Bear Crawl Exercise Guide and Workout – Fitness Volt –

Bear Crawl Exercise
Walking upright is a very energy-efficient activity. That’s why you can walk for miles and miles without getting tired. Your center of gravity is balanced over your base of support, which means very little muscle engagement is required to keep you standing.
However, that all changes when you move on to all fours. Your weight is no longer just over your feet, and you’ll have to work much harder to move over the ground. Animals make walking on all fours look easy, but it is much more demanding for us humans.
While you might not want to purposely crawl on all fours to get from point A to point B, there are crawling exercises that you can use to develop fitness and core strength. One of the best is the bear crawl.
In this article, we explain why and how to bear crawl and reveal some of the best variations and alternatives. We’ve also included a bear crawl-based workout to try.
Like walking upright, bear crawls work a large number of muscles. That’s what makes this such an effective if challenging exercise. It’s probably best to think of bear crawls as being a full-body exercise. That said, the main muscles you’ll be using during bear crawls are:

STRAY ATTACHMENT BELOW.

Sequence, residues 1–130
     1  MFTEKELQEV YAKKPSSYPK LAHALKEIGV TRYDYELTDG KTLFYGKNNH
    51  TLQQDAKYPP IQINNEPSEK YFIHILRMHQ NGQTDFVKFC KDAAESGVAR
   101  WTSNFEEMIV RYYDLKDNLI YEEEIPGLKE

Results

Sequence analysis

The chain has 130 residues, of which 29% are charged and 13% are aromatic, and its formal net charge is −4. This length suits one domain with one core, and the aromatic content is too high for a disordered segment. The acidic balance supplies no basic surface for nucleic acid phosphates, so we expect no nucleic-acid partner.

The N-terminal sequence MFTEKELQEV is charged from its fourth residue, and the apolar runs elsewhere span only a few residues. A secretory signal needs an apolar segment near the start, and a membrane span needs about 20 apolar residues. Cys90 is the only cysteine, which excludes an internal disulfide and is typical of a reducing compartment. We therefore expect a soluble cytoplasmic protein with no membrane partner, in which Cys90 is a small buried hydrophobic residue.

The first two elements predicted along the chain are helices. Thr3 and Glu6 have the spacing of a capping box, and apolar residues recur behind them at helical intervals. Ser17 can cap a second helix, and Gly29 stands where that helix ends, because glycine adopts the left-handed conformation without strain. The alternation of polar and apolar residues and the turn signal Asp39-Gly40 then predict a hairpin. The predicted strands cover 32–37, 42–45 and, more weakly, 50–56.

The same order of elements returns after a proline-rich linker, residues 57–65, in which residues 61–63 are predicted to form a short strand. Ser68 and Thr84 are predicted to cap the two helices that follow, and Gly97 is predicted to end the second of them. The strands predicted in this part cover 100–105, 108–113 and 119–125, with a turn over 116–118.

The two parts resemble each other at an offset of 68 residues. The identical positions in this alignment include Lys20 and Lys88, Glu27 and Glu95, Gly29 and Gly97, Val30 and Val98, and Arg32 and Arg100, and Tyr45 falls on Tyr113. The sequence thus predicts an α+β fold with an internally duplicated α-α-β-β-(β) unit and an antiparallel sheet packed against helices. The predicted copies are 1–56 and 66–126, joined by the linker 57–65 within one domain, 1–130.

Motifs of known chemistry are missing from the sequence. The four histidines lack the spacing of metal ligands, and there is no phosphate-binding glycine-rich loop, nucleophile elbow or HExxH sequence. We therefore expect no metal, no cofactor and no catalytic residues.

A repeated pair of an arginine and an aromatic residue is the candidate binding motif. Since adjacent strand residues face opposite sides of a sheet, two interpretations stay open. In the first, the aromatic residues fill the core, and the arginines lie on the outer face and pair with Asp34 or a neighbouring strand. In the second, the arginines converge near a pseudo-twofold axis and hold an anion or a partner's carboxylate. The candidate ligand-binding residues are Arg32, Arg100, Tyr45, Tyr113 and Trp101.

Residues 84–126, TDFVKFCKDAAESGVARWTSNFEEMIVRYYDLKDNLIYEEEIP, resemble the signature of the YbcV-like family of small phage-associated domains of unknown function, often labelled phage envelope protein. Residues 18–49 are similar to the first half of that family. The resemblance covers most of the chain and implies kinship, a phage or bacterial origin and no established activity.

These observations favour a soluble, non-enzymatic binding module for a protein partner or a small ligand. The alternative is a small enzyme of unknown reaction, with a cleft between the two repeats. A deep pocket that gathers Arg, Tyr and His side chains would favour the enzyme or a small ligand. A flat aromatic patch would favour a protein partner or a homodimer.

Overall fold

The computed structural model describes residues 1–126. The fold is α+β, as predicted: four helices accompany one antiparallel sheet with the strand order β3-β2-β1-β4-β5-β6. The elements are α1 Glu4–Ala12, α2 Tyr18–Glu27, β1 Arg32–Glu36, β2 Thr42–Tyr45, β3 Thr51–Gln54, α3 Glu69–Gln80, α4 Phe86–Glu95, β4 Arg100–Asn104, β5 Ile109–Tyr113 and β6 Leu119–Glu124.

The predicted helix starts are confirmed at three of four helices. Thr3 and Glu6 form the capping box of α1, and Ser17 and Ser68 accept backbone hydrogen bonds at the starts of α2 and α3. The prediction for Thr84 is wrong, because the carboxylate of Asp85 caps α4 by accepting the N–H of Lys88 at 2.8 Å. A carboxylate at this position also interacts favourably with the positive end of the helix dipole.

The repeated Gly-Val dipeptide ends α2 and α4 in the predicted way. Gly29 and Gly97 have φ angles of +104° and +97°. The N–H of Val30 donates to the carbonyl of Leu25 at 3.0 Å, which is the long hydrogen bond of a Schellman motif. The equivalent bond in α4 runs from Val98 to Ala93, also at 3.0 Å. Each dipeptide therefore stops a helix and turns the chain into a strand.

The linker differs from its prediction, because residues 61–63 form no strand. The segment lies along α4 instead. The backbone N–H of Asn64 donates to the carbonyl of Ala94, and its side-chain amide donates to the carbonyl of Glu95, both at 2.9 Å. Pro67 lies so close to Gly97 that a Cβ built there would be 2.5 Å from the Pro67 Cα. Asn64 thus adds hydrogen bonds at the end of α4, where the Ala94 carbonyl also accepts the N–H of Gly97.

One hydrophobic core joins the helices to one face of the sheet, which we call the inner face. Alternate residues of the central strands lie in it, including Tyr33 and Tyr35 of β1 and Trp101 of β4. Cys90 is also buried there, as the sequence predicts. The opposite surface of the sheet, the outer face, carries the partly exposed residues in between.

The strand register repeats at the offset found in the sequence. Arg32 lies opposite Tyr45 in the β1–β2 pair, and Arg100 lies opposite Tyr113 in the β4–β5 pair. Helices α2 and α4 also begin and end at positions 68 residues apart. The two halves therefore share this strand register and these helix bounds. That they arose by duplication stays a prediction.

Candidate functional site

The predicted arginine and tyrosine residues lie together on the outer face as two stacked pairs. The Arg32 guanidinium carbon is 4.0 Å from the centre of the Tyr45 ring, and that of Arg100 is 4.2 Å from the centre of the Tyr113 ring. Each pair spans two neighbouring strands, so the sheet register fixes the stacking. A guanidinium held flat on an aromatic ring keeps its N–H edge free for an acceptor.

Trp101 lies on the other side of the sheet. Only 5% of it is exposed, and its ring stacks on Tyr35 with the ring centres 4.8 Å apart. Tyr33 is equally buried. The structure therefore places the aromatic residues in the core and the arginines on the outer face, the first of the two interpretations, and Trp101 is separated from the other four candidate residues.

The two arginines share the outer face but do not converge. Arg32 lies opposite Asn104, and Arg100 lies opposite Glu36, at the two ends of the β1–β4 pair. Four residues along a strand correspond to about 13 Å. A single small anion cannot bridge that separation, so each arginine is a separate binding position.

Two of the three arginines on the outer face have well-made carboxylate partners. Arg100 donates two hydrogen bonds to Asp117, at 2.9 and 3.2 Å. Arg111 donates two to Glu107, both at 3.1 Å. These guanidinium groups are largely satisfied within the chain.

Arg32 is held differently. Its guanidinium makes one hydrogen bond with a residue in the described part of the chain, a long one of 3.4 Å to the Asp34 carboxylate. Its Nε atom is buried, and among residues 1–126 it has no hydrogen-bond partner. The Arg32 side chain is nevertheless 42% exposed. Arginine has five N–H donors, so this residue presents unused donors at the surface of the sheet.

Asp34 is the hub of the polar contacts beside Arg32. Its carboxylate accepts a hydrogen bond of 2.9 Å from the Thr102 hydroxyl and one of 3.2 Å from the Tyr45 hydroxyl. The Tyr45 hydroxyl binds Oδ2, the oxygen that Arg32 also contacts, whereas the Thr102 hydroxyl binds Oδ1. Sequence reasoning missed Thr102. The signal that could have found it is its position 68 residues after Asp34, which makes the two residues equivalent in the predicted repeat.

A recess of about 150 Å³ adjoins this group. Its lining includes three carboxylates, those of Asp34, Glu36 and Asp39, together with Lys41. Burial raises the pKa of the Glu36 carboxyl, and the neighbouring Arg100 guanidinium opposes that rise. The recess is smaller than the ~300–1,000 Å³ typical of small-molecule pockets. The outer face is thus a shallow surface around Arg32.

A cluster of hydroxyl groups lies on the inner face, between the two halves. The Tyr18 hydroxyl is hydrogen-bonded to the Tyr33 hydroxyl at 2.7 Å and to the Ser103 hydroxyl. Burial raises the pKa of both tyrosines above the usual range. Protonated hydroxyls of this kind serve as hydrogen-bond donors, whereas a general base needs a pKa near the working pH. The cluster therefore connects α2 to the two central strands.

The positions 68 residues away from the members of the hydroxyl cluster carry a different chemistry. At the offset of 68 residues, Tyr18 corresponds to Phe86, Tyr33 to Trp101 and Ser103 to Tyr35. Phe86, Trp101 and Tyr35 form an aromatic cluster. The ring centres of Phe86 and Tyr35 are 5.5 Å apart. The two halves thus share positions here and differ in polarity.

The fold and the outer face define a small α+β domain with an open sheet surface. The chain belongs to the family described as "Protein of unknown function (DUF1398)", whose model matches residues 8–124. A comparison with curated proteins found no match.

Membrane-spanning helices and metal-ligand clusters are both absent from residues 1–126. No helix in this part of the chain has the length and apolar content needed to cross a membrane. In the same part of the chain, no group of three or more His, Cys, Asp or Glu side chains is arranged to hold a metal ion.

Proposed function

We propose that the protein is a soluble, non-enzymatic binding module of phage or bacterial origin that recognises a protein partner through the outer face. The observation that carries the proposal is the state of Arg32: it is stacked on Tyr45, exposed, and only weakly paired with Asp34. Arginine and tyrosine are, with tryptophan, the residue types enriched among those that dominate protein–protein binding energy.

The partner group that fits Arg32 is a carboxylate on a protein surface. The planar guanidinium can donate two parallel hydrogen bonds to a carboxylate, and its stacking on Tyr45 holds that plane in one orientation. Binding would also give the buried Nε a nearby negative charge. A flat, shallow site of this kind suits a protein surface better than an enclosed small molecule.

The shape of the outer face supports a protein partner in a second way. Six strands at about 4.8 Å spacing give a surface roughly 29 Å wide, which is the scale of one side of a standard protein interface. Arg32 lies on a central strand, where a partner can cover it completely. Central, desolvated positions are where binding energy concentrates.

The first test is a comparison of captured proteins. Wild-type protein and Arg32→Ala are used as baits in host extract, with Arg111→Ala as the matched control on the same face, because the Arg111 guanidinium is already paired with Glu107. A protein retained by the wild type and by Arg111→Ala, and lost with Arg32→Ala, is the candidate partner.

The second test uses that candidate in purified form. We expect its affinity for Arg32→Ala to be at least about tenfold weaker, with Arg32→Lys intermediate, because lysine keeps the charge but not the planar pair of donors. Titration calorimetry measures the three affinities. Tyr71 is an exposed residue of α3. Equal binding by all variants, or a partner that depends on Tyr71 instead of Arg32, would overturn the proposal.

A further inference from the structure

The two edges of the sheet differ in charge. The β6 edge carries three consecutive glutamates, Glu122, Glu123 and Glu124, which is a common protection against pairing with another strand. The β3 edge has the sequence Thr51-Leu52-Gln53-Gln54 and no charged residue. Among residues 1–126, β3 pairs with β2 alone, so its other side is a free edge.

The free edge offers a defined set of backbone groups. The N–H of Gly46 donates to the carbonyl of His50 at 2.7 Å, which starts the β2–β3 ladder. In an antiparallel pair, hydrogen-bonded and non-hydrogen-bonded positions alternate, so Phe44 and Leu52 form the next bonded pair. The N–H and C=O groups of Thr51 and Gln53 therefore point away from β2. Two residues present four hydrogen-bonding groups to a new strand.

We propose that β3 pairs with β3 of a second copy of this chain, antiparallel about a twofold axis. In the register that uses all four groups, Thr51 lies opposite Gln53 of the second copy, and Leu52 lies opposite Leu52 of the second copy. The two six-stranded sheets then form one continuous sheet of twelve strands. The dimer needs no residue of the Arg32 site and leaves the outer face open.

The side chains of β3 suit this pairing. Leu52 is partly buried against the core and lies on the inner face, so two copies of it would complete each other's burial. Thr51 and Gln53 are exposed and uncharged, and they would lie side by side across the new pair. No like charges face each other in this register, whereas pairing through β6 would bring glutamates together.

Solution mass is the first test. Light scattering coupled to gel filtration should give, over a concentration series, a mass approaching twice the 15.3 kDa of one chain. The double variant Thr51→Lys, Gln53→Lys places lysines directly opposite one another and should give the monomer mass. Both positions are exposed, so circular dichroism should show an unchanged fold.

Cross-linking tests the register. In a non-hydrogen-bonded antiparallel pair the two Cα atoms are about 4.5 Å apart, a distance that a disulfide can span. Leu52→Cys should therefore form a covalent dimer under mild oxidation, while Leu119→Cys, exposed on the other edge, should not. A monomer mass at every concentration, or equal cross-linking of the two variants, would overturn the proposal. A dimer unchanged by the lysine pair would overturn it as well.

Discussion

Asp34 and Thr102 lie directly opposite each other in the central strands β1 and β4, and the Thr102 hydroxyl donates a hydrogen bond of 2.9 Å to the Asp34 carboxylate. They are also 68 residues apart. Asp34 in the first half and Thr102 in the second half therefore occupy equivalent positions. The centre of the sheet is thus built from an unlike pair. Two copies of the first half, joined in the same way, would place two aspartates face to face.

The collective term for the muscles of your midsection, your core muscles contract or brace to stabilize your lumbar spine during bear crawls. If you aren’t feeling this exercise in your core, you probably aren’t doing it right. The main core muscles are the rectus abdominis, obliques, transverse abdominis, and erector spinae.
Supporting your weight on your hands and feet means your shoulders are going to get a great workout during bear crawls. Of the three deltoids (anterior/front, medial/middle, and posterior/rear), the anterior deltoids are the most active.
Working with your deltoids, your pecs are very active during bear crawls. You’ll need to use your chest muscles to stabilize your upper arms and propel you forward.
Located on the back of your upper arm, you’ll definitely feel your triceps working during bear crawls. Your triceps must stay contracted to stop your arms from collapsing under your weight.
Done correctly, your knees should remain bent at about 90 degrees during bear crawls. This means your quadriceps, located on the front of your thighs, need to work to support your weight as you move forward and back.
Located on the front of your hips, the hip flexors work with your core to stabilize your pelvis during bear crawls. In addition, you’ll be using your hip flexors to move your legs forward as you move.
Because bear crawls involve lots of muscles and an awkward movement, they’re good for developing cardiovascular fitness. Your heart and breathing rate will soon increase as your body works harder to supply oxygen to the working muscles. Bear crawls are an excellent metabolic conditioning (met-con) exercise.
Get more from bear crawls while keeping your risk of injury to a minimum by following these guidelines:
Not sure if bear crawls are worth adding to your workouts? Consider these benefits and then decide:
Full-body workout – done correctly, bear crawls work almost every major muscle in your body. While not really a bodybuilding exercise, if you want to develop endurance and stability alongside your cardiovascular fitness, bear crawls are an excellent choice.